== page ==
Questions tagged [existential-constructions]

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There seems (to be) a... vs. There seems (to be) little

There seems to be a problem. There seems a problem. In this type of construction, the version with to be, such as (1), is much more productive than the one without, such as (2). See this Ngram: ...
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The subject-verb agreement with existential 'there' in a relative clause

So I was reading the urban dictionary for the definition of the term 'LibLabCon', and the entry seemed grammatically correct: LibLabCon is a phrase used by Britons who hold the belief that there is ...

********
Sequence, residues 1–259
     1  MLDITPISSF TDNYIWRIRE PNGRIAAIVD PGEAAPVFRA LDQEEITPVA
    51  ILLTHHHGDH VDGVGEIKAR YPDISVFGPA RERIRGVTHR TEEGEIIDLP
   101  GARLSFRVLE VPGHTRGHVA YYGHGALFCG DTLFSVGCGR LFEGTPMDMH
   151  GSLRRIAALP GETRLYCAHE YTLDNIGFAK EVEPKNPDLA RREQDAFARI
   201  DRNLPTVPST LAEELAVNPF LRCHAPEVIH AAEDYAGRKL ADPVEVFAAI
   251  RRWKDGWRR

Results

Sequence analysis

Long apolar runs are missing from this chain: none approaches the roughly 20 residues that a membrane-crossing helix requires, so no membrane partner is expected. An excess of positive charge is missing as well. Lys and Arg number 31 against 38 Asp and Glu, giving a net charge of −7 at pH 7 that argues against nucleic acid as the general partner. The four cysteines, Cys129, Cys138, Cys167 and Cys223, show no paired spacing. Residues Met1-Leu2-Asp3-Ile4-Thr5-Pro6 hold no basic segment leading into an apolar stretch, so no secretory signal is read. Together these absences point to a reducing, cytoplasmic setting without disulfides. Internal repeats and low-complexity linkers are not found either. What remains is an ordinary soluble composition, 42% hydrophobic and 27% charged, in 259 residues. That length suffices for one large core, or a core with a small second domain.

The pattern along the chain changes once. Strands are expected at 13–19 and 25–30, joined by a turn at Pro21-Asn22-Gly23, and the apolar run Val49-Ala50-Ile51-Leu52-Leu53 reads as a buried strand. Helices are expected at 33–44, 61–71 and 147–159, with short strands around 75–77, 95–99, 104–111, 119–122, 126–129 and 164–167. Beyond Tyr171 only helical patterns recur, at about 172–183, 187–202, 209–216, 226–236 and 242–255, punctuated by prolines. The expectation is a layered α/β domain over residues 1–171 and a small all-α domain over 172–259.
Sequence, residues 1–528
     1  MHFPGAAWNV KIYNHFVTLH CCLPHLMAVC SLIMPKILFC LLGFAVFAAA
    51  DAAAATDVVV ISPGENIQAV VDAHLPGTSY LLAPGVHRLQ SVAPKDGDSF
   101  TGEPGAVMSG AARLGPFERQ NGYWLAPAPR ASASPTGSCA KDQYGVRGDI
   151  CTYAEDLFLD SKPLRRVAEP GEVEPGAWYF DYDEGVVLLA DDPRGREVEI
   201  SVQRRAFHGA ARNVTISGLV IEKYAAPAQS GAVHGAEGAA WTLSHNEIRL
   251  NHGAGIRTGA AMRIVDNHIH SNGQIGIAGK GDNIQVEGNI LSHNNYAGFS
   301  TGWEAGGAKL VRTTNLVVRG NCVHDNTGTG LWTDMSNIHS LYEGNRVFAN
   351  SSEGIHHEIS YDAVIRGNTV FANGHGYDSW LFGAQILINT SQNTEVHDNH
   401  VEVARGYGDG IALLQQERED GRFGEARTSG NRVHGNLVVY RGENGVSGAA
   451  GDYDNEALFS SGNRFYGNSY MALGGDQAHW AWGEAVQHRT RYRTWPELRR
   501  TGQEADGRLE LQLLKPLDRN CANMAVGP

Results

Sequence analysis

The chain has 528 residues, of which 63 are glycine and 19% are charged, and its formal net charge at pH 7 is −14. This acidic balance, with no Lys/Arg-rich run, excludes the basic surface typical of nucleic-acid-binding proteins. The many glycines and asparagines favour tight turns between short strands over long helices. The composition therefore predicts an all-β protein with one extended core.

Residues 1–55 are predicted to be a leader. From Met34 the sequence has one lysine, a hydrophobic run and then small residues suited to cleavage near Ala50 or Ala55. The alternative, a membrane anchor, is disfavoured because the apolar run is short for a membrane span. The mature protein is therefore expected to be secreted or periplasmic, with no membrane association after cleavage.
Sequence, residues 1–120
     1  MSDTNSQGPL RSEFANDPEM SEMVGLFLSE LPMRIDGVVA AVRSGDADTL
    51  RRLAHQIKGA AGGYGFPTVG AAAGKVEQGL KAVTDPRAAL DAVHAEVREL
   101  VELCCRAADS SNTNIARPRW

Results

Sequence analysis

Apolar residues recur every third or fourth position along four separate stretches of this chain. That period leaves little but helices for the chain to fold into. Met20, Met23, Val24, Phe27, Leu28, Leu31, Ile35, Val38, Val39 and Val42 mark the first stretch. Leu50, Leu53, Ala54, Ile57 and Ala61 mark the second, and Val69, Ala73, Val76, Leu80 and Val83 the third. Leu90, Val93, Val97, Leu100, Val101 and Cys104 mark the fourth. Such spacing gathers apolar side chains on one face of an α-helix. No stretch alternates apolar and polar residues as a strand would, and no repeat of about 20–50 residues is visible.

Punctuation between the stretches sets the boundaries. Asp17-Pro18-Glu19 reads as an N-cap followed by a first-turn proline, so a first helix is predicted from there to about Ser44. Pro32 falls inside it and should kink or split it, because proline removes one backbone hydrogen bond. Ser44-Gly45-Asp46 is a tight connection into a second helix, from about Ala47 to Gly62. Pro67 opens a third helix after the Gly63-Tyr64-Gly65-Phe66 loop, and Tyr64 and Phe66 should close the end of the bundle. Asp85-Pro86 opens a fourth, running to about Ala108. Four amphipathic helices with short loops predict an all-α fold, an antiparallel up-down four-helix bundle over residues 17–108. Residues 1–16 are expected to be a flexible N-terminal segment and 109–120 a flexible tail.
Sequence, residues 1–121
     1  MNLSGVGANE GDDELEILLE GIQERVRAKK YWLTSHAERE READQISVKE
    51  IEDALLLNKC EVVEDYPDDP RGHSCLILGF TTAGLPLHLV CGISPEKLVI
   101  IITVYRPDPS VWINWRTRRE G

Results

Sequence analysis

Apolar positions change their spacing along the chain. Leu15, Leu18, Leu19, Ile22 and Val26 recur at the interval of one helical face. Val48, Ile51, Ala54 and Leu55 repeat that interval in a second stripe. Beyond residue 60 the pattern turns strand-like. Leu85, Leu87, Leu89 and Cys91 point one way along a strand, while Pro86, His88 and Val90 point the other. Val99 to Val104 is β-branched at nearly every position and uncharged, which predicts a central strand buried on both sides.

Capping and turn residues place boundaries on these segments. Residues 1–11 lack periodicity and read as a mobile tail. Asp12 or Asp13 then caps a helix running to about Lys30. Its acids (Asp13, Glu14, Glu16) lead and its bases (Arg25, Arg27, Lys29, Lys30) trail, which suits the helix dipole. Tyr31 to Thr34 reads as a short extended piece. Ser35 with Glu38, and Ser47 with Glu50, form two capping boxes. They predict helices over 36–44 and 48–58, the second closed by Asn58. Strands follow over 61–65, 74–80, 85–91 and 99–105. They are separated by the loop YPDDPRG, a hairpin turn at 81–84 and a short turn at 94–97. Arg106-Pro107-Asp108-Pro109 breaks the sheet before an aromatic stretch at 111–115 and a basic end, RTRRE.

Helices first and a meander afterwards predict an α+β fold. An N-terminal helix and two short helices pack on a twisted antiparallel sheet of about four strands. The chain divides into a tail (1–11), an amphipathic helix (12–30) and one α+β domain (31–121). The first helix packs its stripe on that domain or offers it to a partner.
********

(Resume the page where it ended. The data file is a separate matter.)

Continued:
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If his son is dead: "His son was John Smith", "His son is John Smith"

If someone's son has died, would you say: "His son was John Smith" or "His son is John Smith"? Dying stops you from being, but would that stop someone from being someone's son?
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What-questions of existential sentences

I'm interested in whether what in (1) is interpreted uniformly. Presumably, what in (1a) refers to kinds rather than individuals: it's related to there's such (kinds of) things in Boston--not to e.g. ...
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